Like those musical structures in Arvo Part’s music that reflect one theme in another, the Spanish architects, Enrique Sobejano and Fuensanta Nieto, from the Madrid based architectural firm Nieto Sobejano Arquitectos, design for the new Arvo Part Centre Tabula, is imagined as a geometric pattern, and "originated in a repeated pentagonal form, which contains courtyards of variable dimensions," they note.
The centre’s architectural design was inspired by one of Part’s most important musical compositions, Tabula Rasa. It will be built at a cost of 6.69 m Euros, and will be located 29 km west of the capital Tallinn, in the village of Laulasmaa, in northwestern Estonia.
Michael Part, the composer’s son and co-founder and chairman of the board of the Arvo Part Centre informed The Baltic Times,“The new Arvo Part Centre will be a place where a visitor can be closer to the music of Arvo Part. They can experience the music and its context in an environment that has inspired the author, especially as many areas of inspiration originate away from the concert hall. We would also like to cultivate a better understanding of how to listen to music and the environment around us, and are therefore working on an initiative of a listening school amongst other educational programmes.”
The centre, which is located in the middle of a forest, and incorporates into its design the areas of numerous towering pine trees, will open its doors in autumn 2018 during Estonia’s 100th anniversary celebrations. It will house Part’s comprehensive personal archive, and feature a library, a 140-seat chamber hall, an exhibition area, a video room, classrooms and workrooms for staff.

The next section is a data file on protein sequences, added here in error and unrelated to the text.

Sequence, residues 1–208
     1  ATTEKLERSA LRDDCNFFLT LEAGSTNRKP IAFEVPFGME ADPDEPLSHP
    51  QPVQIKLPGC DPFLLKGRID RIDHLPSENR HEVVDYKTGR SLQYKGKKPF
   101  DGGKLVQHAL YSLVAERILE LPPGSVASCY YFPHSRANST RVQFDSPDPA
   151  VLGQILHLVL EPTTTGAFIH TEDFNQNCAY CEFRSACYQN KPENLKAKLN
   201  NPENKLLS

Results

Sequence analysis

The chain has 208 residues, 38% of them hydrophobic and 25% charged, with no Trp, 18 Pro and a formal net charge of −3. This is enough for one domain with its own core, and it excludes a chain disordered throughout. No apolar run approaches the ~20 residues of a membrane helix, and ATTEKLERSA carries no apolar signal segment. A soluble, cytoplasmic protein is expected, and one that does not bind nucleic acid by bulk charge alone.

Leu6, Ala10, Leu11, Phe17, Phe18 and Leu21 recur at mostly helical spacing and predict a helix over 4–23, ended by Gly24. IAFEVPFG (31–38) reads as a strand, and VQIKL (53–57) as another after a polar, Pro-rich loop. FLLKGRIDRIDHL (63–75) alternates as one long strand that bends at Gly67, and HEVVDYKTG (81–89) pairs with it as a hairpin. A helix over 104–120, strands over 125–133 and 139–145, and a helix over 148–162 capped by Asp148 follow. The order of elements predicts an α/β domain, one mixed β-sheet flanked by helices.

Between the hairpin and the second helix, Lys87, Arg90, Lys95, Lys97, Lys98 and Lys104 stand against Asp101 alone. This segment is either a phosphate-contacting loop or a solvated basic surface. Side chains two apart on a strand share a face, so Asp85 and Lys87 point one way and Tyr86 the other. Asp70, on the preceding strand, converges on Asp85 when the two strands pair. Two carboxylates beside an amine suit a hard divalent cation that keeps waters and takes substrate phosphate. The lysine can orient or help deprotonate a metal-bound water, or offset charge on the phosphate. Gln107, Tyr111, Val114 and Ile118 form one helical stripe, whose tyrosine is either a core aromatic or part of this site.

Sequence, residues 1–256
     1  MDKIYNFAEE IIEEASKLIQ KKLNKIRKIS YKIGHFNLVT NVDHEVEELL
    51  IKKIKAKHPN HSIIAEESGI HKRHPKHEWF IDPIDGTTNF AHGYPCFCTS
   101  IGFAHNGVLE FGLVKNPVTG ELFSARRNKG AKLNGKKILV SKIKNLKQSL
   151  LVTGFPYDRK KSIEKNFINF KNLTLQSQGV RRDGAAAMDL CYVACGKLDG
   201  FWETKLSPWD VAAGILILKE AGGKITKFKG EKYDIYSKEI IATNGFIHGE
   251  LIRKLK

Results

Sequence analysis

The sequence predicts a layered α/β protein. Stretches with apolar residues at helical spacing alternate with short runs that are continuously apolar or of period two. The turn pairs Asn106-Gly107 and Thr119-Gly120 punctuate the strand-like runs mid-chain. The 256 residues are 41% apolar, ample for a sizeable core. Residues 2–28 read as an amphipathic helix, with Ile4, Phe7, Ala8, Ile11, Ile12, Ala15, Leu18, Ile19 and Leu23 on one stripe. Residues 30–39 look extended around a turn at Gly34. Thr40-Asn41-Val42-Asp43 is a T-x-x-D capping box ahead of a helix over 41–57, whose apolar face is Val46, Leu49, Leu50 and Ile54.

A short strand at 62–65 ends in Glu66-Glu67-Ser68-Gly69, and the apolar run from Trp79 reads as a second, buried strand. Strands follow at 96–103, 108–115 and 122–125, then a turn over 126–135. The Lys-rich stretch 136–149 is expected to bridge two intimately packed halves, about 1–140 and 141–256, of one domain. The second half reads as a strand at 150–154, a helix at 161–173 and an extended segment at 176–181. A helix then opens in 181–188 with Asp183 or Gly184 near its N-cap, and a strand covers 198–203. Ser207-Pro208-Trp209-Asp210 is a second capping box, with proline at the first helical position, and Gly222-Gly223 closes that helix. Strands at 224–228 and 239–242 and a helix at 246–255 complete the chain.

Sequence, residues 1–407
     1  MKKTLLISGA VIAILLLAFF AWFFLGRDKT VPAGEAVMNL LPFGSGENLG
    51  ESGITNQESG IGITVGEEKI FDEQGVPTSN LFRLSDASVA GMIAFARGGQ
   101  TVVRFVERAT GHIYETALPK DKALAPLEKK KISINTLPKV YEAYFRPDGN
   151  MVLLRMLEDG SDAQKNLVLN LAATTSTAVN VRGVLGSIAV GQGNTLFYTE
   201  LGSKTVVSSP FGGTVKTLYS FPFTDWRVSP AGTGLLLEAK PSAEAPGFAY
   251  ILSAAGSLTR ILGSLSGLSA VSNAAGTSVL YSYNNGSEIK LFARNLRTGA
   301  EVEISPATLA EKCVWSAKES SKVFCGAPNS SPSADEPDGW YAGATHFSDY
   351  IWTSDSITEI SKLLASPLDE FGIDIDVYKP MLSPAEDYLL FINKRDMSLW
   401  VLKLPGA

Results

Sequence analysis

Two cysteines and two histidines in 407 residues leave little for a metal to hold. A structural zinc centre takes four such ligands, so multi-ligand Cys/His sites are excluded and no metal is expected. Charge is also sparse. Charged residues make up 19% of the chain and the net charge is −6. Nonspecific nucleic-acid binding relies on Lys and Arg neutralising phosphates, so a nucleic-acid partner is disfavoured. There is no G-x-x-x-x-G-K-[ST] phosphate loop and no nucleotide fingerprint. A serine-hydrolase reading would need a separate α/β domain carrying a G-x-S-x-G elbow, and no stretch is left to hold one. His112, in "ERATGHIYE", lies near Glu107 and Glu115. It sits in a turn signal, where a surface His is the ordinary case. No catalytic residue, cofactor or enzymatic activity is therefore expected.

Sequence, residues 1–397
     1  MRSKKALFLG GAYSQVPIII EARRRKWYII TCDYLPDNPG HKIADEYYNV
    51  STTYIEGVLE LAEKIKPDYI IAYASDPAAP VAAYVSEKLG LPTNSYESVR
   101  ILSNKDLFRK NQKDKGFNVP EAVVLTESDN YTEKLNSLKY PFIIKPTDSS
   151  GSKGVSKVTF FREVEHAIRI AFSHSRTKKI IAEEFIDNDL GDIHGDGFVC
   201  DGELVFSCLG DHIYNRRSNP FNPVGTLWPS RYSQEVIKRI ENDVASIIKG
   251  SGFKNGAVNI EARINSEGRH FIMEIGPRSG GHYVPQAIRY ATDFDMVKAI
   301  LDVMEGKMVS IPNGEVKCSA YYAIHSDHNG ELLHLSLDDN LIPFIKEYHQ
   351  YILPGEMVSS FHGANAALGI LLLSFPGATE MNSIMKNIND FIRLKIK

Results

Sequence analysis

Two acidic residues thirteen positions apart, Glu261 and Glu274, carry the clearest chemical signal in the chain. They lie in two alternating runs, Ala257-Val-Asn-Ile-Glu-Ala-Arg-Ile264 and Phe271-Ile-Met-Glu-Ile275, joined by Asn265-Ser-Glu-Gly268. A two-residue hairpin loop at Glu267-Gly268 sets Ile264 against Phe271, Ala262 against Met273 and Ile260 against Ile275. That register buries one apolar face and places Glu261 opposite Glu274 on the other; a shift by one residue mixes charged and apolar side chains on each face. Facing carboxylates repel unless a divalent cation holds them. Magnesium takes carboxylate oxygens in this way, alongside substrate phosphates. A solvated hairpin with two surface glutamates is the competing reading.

It will bring together the entire creative heritage of the composer, related information and documents, both in physical and digital format. The most valuable part of the archive are manuscripted scores, various drafts and sketches. Musical diaries the composer has kept for years reflect his search during the composition of his works, as well as his thoughts on life, creative work and religion. The rich variety of archival materials also includes: correspondence with the commissioners of compositions, publishers and musicians, thousands of photographs, recordings stored on different formats, films, and other materials related to Part’s life, as well as his works and their reception.
When Arvo and Nora Part returned to Estonia, their wish was to bring their archive with them to the Estonian-speaking environment. "But then, where should they keep this archive and centre open to the public? Maybe Tartu or Tallinn? But Laulasmaa is actually a very important place for Arvo and also many other Estonian artists. Arvo visited the area many times," Anu Kivilo, Arvo Part Centre Managing Director stated.
“Other countries were also interested in taking the materials related to Arvo Part’s work into their care, the Berlin Academy of Arts expressed strong interest, for instance, but Arvo Part wished to establish the Centre in Estonia. Estonia and Laulasmaa form an inseparable part of his creative journey. Laulasmaa used to be a place where many composers spent their summer holidays, among them Part’s teacher Heino Eller, with whom Arvo had a close relationship. The fact that the Centre is located in Laulasmaa is helping to continue these traditions. The surrounding nature, isolation and silence are also vital for concentrating and listening to oneself.”